Use High Level of Caution
Avoid Travel to the following provinces: North Lebanon and Beirut
Avoid Travel to the following municipalities: Rachaya, Hermel, Baalbek, Marjayoun, and Hasbaya

The Republic of Lebanon is located in the Middle East between Syria and Israel and has a long coastal border on the eastern shore of the Mediterranean Sea. Lebanon's population is about 4.1 million people.

The government is a republic, with a special system referred to as confessionalism. This system strives for fair representation of the country's 18 recognized religious groups. The chief of state is a president, and the head of government is a prime minister.

Prior to the 15-year civil war (1975-1990), Lebanon was stable and prosperous, along with a strong economy fueled by tourism, banking, and agriculture. The capital, Beirut, was once known as “the Paris of the Middle East,” and the country was known as the “Switzerland of the East.” After the civil war, the Lebanese made great efforts to rebuild the country and renew the economy. Lebanon again had stability until 2006 when the Israel-Lebanon conflict led to much civilian death and heavy damage to the country's infrastructure.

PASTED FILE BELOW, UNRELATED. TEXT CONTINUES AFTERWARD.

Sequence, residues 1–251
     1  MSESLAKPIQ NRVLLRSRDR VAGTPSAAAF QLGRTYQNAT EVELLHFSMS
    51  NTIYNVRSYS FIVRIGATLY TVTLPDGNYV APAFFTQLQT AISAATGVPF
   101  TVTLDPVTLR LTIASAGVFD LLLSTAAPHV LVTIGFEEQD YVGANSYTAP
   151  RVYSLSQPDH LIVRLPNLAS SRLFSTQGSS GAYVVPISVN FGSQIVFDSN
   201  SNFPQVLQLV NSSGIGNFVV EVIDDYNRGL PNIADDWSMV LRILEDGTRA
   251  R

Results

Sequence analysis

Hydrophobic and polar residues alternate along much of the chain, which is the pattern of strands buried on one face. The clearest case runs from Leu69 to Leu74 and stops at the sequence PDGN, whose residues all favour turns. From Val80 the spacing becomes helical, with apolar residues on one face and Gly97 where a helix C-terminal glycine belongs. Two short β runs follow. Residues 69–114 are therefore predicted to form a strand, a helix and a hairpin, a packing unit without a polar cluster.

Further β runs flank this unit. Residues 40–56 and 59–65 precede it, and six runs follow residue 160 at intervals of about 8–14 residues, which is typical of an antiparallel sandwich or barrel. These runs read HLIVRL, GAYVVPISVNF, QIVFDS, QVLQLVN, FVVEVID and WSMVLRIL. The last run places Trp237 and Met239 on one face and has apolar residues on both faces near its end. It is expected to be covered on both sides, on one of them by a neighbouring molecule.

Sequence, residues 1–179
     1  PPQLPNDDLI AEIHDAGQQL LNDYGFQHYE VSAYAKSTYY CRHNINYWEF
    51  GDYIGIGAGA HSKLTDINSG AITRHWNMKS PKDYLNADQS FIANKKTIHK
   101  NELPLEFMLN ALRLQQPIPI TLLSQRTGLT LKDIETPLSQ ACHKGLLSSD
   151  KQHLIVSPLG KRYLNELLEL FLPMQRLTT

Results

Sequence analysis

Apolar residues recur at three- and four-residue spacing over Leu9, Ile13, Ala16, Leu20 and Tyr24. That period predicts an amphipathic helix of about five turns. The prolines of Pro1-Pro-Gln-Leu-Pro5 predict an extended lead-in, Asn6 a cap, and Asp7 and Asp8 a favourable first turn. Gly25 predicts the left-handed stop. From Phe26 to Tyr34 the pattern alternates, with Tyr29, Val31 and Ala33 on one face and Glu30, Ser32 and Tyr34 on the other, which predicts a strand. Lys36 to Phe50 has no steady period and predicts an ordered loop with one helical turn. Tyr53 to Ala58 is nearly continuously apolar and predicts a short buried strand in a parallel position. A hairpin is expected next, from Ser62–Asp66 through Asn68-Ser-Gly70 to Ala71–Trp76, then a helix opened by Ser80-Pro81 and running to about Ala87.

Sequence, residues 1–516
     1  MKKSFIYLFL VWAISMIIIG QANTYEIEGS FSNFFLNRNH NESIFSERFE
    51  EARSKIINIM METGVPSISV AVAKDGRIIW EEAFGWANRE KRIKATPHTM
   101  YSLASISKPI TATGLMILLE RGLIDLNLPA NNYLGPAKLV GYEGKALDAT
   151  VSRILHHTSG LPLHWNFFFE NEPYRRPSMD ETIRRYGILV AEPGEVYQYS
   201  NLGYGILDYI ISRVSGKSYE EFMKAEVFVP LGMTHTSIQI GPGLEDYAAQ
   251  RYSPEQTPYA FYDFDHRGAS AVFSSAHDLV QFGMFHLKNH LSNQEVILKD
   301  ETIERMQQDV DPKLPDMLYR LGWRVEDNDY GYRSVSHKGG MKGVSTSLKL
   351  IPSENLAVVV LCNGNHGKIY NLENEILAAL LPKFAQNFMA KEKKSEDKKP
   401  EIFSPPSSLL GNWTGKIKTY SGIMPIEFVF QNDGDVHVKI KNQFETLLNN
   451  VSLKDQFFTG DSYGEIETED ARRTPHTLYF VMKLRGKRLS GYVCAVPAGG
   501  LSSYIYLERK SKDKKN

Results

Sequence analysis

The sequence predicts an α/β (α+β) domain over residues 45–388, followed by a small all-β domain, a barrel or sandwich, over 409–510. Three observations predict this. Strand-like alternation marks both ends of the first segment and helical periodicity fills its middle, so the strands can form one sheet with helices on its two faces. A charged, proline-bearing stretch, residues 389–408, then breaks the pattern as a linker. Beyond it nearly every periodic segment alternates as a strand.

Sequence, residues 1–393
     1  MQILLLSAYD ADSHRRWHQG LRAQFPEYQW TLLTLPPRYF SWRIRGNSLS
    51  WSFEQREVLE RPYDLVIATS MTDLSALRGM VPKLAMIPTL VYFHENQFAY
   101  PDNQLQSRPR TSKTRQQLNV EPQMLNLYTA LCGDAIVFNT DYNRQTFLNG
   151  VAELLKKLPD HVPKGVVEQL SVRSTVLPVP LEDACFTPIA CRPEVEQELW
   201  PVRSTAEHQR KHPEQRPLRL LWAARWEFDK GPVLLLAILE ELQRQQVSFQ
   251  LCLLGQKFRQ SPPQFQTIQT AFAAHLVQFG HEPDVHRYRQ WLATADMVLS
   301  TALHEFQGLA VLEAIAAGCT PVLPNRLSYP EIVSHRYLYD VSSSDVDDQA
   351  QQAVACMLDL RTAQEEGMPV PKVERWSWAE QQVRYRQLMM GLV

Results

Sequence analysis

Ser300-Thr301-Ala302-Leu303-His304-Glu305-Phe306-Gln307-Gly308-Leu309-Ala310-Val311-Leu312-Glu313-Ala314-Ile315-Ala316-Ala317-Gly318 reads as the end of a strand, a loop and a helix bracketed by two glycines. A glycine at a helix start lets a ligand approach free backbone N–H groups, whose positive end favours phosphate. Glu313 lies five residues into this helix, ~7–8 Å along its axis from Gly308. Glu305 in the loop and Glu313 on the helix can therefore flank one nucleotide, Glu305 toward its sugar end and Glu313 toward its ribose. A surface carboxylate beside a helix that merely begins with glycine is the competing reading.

Lebanon recovered from this conflict; and while the world was experiencing global economic crises, Lebanon experienced economic growth of about 7 percent in 2009 and 2010 along with a huge increase in tourism.

Recent incidents in the southern area of Lebanon continue to threaten the country's safety and security.

Currency LBP: Lebanese pound
Language Arabic. Also widely spoken are French, English and Armenian.
Capital Beirut
Recent Alerts 3
Latest Alert April 08, 2021 - Lebanon: Protest in Beirut on 10 April

Diseases To Be Aware Of

The diseases listed below are those which occur most often in Lebanon. Other, less frequently encountered diseases might be displayed within the Travel Alerts section if they have occurred recently.

Hepatitis A

There is a significant risk for hepatitis A virus exposure in Lebanon through contaminated food or water. Infection can still occur at tourist destinations and resorts.

Hepatitis B

There is a significant risk for acquiring hepatitis B in Lebanon.

Typhoid Fever

Unvaccinated people can become infected through contaminated food and water in Lebanon, especially when visiting smaller cities, villages, or rural areas where food and water sources may be contaminated.


Leishmaniasis occurs most commonly in the north in the Akkar region. The risk of acquiring leishmaniasis is increased in travellers who spend time outdoors in rural areas and at night, when sand flies typically feed.